Oppenheimer is chock full of very long meetings and countless handshakes. It’s about an hour and a half too long and much of that is due to the endless meetings where men quibble in small rooms. Perhaps if the story had been linear the meetings would have been more bearable. Oppenheimer also has a woman problem. The problem being there are only around 4 women with substantial speaking roles in the film and 3 of them were sleeping with Oppenheimer. These women were mostly presented as shrill, hysterical, mean, or even neglectful alcoholics. The biggest flaw with Oppenheimer is its refusal to show the realities of what happened during Oppenheimer’s lifetime. Not only when the US Government forced the local hispanos off their land to build the Los Alamos lab, but also when the US dropped the bombs on Hiroshima and Nagasaki. The film builds up to the bombing with a lot of talk by Oppenheimer about how the US use of nuclear force is necessary to bring lasting peace. The bombs are dropped entirely off camera then there is another hour of chopped up meetings to attend afterward about Oppenheimer’s security clearance. There is no real reckoning with the horror of the bombings of Japan, other than to witness the guilt that Oppenheimer occasionally claims to feel.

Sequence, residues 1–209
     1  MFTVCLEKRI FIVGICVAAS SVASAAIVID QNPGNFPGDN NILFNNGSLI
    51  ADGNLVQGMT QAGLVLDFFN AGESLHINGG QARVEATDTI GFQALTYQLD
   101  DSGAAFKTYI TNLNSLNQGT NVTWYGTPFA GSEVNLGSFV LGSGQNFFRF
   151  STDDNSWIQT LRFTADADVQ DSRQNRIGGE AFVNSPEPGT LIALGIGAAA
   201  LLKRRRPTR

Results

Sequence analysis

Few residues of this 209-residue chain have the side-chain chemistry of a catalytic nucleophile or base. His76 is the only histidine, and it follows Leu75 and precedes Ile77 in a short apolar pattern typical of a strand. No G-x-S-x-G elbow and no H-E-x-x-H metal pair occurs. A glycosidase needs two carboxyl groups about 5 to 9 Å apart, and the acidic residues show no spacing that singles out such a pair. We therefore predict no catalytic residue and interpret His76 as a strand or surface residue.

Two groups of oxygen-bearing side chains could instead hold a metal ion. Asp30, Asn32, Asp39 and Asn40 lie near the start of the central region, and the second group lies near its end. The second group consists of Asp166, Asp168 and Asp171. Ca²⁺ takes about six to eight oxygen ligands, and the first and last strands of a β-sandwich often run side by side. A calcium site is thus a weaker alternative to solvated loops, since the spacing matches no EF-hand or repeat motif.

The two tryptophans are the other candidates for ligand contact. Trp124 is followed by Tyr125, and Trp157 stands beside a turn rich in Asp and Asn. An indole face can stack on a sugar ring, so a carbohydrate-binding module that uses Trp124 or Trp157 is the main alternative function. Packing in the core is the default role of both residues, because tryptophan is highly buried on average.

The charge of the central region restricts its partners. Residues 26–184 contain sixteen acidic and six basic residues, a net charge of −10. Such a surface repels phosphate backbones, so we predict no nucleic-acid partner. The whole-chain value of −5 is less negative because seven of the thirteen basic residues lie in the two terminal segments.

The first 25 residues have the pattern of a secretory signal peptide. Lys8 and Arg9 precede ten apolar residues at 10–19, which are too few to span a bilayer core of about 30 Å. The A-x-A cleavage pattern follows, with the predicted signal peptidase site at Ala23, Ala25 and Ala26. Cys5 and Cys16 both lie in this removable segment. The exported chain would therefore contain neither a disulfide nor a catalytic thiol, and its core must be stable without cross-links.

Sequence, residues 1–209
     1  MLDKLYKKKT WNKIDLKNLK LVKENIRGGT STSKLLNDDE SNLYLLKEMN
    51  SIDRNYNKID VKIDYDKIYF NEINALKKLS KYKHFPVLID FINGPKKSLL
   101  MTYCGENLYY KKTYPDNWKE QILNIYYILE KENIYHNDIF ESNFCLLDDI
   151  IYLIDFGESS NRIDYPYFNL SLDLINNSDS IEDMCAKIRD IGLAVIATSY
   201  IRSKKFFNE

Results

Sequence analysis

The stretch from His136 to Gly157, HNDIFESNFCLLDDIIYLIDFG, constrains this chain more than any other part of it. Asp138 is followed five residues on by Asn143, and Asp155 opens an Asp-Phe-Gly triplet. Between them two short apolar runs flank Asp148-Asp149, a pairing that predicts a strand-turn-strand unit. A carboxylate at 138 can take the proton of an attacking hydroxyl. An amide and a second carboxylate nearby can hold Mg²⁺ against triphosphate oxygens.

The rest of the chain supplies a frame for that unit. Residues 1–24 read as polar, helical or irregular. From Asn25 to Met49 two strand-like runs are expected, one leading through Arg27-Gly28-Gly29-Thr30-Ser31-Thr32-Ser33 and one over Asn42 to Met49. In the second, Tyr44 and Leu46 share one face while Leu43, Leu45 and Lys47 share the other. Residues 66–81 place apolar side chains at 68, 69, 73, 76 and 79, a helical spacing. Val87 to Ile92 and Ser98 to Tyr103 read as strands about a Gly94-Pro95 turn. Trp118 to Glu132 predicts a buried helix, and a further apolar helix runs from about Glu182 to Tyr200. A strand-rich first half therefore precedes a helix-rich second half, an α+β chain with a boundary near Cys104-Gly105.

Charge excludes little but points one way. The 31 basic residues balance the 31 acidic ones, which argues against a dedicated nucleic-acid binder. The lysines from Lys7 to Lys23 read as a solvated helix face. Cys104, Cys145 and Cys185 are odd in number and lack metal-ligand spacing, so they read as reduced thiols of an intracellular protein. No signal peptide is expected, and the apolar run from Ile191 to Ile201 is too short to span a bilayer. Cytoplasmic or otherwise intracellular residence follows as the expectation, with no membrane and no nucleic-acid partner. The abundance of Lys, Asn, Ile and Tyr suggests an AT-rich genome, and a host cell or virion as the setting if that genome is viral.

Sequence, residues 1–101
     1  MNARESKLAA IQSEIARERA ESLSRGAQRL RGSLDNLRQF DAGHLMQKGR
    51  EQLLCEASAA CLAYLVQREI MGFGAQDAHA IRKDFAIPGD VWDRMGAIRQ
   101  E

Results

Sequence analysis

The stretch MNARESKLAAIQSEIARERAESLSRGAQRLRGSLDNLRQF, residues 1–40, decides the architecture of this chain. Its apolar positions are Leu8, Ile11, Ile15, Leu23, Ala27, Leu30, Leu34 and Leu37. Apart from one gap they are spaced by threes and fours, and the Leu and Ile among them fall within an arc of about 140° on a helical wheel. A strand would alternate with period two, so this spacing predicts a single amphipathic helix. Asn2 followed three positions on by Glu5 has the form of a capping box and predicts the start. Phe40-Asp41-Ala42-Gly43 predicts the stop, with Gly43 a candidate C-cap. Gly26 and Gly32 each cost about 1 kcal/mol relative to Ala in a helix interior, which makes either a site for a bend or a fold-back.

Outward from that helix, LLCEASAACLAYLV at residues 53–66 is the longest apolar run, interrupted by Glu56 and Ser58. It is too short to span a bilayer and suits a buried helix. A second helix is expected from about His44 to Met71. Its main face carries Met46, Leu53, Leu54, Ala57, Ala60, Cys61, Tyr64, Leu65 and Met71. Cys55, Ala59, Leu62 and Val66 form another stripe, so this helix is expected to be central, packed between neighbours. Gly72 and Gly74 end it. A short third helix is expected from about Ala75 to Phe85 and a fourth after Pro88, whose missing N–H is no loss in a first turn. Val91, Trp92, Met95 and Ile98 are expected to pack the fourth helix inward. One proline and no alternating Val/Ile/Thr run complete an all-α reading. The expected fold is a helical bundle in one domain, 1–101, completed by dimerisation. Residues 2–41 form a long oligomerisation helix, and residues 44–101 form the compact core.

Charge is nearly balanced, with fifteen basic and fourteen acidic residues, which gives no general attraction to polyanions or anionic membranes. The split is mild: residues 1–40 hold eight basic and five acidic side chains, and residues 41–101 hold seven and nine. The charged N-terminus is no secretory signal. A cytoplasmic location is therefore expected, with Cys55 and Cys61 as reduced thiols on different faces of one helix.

I feel for the folks who see this in IMAX expecting amazing CGI. Instead, it’s a lot of close-up shots of Cillian Murphy’s face and one unimpressive bomb test, which was made using practical effects, and doesn’t show the full scale of such a bomb detonating. The best things this film has going for it are the acting and the music. It’s got an incredible cast with cameos by heavy hitters such as Kenneth Branagh, Gary Oldman, and Rami Malek. Florence Pugh and Emily Blunt are both impressive in their acting, even though their characters never truly connect with Oppenheimer’s in a way that makes any sense. The soundtrack was done by Swedish musician Ludwig Göransson (Black Panther, Venom) and it was stunningly gorgeous and haunting. I can’t wait to sit down and listen to it apart from the film.